All posts tagged: Christmas

“Little Children, Love One Another”

For reasons I can’t sufficiently explain, I find that the saints honored by the Church during the Christmas season somehow call my attention a little more than those celebrated at other times of the year. Perhaps it’s because these saints seem to be made more radiant in the glow of the Christmas celebration. Today the Church honors one of the most important figures in the history of Christianity: St. John, Apostle and Evangelist. John has long been a source of fascination for me: my younger brother shares his name, and because of that, when I was a small child, my ears always perked up at Mass whenever I heard the name “John” mentioned. (They still do.) As an adult, I am even more fascinated by St. John the Evangelist—his Gospel and epistles contain some of my favorite passages in all of Scripture. Were I ever to share John’s fate and be banished to an island like Patmos, I would take his writings with me, for I feel certain that I could spend the rest of my life studying …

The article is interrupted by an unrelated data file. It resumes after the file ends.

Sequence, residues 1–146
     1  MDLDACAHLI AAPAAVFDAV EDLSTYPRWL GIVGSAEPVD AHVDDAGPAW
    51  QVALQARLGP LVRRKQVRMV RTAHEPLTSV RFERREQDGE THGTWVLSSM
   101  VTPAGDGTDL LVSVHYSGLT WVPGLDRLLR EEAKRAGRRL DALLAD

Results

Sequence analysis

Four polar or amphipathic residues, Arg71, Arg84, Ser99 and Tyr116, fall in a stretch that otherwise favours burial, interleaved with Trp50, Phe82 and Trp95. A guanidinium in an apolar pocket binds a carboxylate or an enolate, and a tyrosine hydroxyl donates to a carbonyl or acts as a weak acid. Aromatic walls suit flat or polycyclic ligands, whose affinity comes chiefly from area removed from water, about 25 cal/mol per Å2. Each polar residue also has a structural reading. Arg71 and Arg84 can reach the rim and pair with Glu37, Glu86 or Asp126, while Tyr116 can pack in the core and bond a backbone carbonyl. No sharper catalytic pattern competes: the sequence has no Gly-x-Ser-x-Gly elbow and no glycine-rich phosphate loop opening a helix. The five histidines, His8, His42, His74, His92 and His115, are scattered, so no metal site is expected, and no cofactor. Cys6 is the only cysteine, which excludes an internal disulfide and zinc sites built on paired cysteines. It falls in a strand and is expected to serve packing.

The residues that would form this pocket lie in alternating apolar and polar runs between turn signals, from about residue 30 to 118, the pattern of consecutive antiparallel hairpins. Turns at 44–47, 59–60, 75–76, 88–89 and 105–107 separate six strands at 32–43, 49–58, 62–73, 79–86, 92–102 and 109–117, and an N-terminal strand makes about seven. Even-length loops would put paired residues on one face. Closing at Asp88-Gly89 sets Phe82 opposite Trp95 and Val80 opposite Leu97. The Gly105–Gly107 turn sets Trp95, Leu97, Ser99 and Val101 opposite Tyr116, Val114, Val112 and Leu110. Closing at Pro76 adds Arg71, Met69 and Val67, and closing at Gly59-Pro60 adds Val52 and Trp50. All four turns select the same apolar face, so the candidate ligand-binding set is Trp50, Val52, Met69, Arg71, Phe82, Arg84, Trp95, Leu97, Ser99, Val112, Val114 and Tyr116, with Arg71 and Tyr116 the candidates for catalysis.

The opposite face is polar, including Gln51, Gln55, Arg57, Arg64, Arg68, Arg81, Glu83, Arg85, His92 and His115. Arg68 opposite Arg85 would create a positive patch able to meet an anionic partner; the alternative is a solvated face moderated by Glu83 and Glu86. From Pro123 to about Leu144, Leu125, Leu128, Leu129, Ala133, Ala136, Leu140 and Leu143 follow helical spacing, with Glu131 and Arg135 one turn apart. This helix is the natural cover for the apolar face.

The God Who Had Strep Throat

This year, I spent Christmas Day caring for our son, who had come down with a dreadful case of strep throat on December 23rd. I watched as this rather minor affliction (at least in the grand scheme of human health) took away the energy of a child who normally has a single speed engine: lightning fast. Yet on Christmas night, he laid upon a couch, barely able to keep his eyes open. Although not the ideal Christmas for a family (we lacked the beautiful images of families bedecked in finery), our son’s sickness gave us an occasion to contemplate the strong God who revealed the depths of love by becoming one of the weak. When the Word became flesh and dwelt among us, he did not spurn the human condition. Instead, he took it up. He took upon himself the weakness of a world in which sickness and death are often an all-encompassing experience for us mere mortals. He shared in human suffering such that ever human sickness, every human death, now has its meaning …

Auden on the Feast of St. Stephen